In November, Wake County students, teachers, and families gathered at Middle Creek High School to learn about South African culture and change the lives of children more than eight thousand miles away. Middle Creek’s second annual Ubuntu Fest featured student projects, presentations, and performances from every department, Virtual Reality “field trips”, and a silent auction of student art to benefit LIV Village, a long-term cluster foster care organization that models an African village lifestyle for orphaned and vulnerable children in South Africa.

Throughout the event, students presented information on variety of topics related to South African culture including literature, history, statistics, disease, environment, art, language, and games. An audience also gathered in the auditorium to watch students perform traditional music and dance, read folktales and proverbs, and recite Thabo Mbeki’s famous speech “I am an African.”

During the 2015-2016 school year, Middle Creek High School English teacher Matt Scialdone was named the Wake County Public School System Teacher of the Year. Part of his award package included a trip to South Africa through Go Global NC to visit schools, meet with fellow teachers, and become immersed in South African culture. On this trip, Mr. Scialdone and six other WCPSS educators brought nearly 200 pounds of school supplies and athletic equipment to St. Henry’s Marist School, where they were introduced to LIV Village.

“Coming back from that trip, after meeting some of those kids and some of the folks that live and work at LIV Village, I knew something had to happen back here.” Matt saw an opportunity for his students to assist LIV Village in providing quality education for more than 3.9 million orphans in South Africa. In November of 2016, Middle Creek hosted the first annual Ubuntu Fest and raised enough money to send six LIV Village children to school for an entire year.

In a world where teenagers are more connected than ever before through technology, Mr. Scialdone believes that kids feel even more disconnected. “They get stuck thinking that you have to be some rich, powerful person to affect change, and your really don’t.” Ubuntu Fest was first and foremost a powerful lesson for his students: you can change the world. “It just takes some effort and some time and some passion for other people and you can make it happen.”

In February 2017, Matt participated in WakeEd’s World Café, a one-day networking event that strategically pairs businesses with schools to create enriched learning experiences for Wake County students. He was in search of community support to help increase the size and impact of Ubuntu Fest in year two.

As WakeEd recruited businesses to participate in World Café, the Cary Chamber of Commerce sent a call-to-action to its members, asking them to partner with local schools. Lazy Lizard Travel volunteered and, by a twist of fate, Matt was reconnected with President Keith Holshausen. Keith was both a travel agent and tour guide for WCPSS educators in South Africa, so he was able to provide Middle Creek students with materials, photos, and detailed information that enriched this year’s event.

Matt was also partnered Participate, an organization with rich, global professional development resources for educators. “Part of what we’re doing is trying to make our teachers here on campus more aware of what it means to be a global educator,” in hopes of transforming teaching in every Middle Creek High School classroom to promote collaboration and global problem solving. In the coming months, Participate will provide free, global education professional development to help teachers earn their Global Educator Digital Badge.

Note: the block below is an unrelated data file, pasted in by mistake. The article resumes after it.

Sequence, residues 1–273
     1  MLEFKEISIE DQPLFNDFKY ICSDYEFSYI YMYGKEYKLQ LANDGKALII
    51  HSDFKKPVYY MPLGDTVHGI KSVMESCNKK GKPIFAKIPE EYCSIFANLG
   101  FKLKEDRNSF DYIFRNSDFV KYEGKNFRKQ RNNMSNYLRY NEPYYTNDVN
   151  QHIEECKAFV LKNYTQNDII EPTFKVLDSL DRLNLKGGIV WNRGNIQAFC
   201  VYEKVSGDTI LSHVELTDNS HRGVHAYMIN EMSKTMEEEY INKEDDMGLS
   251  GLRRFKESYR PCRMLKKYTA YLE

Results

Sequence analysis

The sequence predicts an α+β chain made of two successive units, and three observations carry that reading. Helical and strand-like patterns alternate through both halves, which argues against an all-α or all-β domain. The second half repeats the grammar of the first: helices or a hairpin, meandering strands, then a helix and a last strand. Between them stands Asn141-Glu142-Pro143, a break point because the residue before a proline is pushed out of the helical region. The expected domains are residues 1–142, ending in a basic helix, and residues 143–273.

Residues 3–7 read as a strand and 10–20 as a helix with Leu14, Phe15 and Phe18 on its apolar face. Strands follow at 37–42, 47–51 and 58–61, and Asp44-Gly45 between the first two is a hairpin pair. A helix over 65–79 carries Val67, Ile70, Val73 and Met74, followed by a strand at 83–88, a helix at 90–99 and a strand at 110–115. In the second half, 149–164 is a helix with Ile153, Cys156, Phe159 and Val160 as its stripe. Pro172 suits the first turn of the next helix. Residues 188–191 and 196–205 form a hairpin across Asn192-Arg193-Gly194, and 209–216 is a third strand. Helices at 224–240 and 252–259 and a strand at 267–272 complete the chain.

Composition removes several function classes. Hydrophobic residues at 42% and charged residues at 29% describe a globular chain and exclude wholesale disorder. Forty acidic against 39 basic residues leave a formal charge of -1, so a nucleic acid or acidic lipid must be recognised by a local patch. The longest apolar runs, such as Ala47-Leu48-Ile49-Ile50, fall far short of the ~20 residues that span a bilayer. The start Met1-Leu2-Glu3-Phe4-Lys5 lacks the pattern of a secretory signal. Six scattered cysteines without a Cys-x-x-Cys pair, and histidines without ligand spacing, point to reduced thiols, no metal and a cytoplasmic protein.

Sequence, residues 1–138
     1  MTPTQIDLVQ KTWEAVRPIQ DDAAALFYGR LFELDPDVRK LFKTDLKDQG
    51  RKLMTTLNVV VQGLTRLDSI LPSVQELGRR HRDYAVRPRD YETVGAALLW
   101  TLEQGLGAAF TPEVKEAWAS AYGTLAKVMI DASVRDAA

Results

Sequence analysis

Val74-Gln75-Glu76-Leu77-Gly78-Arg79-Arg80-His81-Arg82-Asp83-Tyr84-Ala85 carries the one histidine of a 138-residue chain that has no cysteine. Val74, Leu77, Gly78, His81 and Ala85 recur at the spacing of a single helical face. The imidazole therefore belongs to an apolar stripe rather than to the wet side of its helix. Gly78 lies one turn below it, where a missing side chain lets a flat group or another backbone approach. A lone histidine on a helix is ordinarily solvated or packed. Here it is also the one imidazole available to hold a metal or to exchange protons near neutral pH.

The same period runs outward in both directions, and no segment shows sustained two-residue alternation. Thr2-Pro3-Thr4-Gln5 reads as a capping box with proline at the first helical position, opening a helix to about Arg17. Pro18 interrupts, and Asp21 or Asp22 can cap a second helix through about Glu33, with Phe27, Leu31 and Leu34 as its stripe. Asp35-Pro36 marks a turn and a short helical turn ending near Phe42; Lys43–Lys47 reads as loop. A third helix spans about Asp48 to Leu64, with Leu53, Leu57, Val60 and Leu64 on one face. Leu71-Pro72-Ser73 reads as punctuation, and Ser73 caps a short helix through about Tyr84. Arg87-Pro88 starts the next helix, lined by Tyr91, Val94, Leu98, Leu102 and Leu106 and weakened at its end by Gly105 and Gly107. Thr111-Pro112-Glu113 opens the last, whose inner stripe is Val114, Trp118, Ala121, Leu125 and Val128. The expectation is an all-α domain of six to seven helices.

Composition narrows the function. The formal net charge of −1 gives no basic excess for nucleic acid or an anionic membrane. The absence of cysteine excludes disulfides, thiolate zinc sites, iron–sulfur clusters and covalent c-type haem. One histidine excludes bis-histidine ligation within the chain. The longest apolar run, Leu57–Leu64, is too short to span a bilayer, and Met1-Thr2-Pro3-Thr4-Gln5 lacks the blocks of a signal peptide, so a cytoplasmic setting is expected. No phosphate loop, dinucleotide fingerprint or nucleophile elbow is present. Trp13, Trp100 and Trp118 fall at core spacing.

“It is heartening as an educator to see that members of our community stand ready to help us.” Meaningful experiences like World Café inspire and energize educators. “Here in the education world, a lot of us run on idealism and heart and passion, and when we see members of our community with that same heart and passion and idealism, standing shoulder-to-shoulder with us, it means a lot to an educator…That keeps us going. That gives us the fuel to keep doing what we’re doing in schools.”

“I was blown away by what a group of kids and teachers with zero budget and some community support could do to make a positive impact on a kid’s life on the other side of the world,” Mr. Scialdone shared. At the end of the night, Middle Creek students raised enough money to send six LIV Village children to school for an entire year. In March, students will sell more art at Middle Creek’s International Festival, in hopes of sending an additional two students to school next year.

The word Ubuntu is a term from the Nguni Bantu language meaning “I am because you are.” “At its essence, ubuntu is kindness and empathy,” and the term played a significant role in bringing South Africa out of apartheid. It is this overwhelming compassion from students and faculty that makes Ubuntu Fest a success. “I am proud to be a part of this Middle Creek community because our kids, our wonderful performers, the kids who did the academic work, the artists, and the faculty members who supported this – they answered the call.”

With the help of his World Café partners, Mr. Scialdone has been able to strengthen the Middle Creek High School community. Ubuntu Fest is the only school event that every department participates in. “I love the idea that departments that normally don’t participate in these kinds of things, like P.E. or Special Education, get brought into the fold.” The impact of this event on students was evident during the performances, as they cheered and yelled each other’s names. “Giving kids an opportunity to be good to one another is fantastic.”

In the end, he added, “I love giving our kids as many opportunities as possible to share their gifts and talents and providing them with a way to help other people as well.”